Despite a lot of momentum behind Microsoft Teams, Slack remains the giant in enterprise messaging, with the company recently announcing 8 million daily active users, 3 million of those being paid.
The main reason for the company’s growth is its free tier, which allows groups to get started without asking permission from anyone in the company, and allows others to adopt it easily on recommendation.
Now Microsoft has a plan to address this issue, by allowing any users in a company on Active Directory or with an Office 365 subscription to initiate a one-year free trial, unless their admin blocks this ability.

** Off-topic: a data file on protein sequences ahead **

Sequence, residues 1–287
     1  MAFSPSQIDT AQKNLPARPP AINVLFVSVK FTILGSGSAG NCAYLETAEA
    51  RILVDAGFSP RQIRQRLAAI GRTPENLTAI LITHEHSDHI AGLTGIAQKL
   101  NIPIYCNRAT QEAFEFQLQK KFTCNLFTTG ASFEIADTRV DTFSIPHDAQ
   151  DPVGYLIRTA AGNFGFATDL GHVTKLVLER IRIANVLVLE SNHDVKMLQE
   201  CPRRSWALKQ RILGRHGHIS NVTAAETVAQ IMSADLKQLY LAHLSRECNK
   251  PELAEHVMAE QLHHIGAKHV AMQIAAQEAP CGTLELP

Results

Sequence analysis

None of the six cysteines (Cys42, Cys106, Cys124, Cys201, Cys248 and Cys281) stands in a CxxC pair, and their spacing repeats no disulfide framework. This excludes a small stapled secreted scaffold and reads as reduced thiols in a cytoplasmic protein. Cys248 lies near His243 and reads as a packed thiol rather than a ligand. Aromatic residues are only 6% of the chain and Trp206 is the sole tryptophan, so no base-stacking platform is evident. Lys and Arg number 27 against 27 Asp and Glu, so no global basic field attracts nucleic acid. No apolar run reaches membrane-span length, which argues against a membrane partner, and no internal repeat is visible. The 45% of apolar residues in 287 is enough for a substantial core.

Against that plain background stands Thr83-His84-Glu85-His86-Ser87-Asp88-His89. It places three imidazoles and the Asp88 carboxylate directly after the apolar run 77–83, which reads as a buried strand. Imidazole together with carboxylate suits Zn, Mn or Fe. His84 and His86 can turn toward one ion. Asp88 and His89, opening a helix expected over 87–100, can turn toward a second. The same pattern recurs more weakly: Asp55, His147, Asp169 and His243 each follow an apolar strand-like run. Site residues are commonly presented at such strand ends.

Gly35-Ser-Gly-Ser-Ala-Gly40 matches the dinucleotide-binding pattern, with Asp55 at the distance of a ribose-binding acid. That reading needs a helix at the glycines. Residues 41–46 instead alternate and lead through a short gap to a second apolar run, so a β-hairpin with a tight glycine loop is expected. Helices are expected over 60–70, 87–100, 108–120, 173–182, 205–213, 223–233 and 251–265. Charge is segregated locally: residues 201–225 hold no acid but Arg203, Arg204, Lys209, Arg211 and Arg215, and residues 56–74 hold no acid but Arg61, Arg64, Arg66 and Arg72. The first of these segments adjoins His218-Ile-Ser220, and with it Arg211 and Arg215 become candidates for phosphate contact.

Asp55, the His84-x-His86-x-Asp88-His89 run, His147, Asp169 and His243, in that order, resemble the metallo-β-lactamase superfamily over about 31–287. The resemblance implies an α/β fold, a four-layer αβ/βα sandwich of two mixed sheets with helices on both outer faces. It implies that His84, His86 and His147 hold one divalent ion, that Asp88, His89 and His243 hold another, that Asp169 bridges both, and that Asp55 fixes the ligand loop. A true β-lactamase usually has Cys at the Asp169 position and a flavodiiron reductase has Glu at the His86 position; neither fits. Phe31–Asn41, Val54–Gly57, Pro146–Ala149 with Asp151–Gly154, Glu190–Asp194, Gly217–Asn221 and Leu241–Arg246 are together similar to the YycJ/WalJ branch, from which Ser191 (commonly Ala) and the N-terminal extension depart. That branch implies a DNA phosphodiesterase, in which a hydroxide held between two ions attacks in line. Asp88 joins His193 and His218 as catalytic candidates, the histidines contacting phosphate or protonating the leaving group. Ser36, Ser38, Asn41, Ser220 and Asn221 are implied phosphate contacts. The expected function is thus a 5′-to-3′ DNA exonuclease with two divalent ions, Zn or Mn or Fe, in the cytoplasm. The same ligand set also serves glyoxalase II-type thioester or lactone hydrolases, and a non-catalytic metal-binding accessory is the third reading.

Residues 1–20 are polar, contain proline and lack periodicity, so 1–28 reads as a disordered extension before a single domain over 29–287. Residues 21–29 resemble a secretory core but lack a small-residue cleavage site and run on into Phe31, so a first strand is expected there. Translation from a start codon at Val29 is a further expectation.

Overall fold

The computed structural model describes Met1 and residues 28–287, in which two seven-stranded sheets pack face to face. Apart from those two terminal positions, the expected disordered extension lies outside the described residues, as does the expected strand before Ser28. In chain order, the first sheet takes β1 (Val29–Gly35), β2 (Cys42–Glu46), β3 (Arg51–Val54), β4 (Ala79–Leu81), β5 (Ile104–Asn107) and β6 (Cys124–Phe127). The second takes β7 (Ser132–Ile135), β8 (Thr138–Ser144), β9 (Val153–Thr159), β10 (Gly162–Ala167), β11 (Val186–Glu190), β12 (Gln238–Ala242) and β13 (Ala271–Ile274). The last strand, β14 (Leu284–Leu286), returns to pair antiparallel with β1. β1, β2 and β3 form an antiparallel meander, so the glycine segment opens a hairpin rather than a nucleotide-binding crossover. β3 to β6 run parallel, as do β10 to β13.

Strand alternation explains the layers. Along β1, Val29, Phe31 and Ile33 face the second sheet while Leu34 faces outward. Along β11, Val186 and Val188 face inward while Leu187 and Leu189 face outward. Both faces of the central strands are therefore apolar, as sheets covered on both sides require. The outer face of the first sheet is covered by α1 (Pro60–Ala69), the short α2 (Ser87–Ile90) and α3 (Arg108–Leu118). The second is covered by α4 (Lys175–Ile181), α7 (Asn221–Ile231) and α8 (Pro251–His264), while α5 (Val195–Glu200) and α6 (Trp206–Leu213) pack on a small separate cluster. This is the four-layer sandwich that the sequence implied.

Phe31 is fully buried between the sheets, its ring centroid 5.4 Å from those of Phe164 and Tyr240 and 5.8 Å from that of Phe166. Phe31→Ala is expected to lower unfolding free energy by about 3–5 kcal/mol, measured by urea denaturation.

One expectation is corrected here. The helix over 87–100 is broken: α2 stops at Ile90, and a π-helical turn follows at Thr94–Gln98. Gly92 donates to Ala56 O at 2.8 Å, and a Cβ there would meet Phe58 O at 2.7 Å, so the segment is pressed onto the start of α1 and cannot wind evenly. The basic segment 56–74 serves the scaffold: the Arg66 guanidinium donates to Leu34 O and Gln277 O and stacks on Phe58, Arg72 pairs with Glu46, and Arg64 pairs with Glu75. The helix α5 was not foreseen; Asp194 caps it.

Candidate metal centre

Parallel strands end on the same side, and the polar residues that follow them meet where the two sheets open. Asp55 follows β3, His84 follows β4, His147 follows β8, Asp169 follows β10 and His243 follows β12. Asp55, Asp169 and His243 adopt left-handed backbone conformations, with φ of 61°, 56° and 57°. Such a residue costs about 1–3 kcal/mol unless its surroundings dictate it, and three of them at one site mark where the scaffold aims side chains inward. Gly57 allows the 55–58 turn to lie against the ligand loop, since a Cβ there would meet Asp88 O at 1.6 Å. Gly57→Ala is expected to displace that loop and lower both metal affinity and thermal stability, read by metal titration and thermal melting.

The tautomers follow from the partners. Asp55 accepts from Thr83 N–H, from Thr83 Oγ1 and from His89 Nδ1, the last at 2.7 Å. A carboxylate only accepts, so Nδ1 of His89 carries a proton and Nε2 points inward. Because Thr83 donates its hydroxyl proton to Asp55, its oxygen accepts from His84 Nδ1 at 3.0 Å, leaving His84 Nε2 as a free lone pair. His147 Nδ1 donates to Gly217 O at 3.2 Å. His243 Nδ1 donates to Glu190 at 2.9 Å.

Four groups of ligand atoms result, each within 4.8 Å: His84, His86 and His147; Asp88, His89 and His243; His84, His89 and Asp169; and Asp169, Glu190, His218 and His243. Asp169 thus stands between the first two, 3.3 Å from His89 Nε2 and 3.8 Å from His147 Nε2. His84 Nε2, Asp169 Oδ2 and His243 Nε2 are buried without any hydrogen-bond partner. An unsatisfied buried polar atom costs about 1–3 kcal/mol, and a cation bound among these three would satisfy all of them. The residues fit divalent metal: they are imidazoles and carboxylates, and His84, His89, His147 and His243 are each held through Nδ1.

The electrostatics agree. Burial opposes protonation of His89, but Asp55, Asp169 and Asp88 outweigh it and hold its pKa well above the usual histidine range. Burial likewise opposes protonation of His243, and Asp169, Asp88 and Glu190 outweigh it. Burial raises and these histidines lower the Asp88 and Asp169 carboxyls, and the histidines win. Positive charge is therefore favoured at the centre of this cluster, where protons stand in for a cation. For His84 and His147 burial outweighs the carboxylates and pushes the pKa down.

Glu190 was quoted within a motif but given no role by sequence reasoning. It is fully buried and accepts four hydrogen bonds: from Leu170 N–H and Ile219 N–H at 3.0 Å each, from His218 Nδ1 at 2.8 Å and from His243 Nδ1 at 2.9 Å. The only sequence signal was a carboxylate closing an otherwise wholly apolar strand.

The issue for companies, of course, is that users will be using the sharing app before policies and governance are in place, raising the possibility of all kinds of mischief.
This is of course how Slack has managed to penetrate many companies, but Microsoft is meant to be a better corporate citizen.
Microsoft is giving proactive admins the ability to block this feature, with instructions which can be found here.
The move, which has been called “unnecessary” could also be described as aggressive, as Microsoft works to maintain their lock-in in enterprise productivity.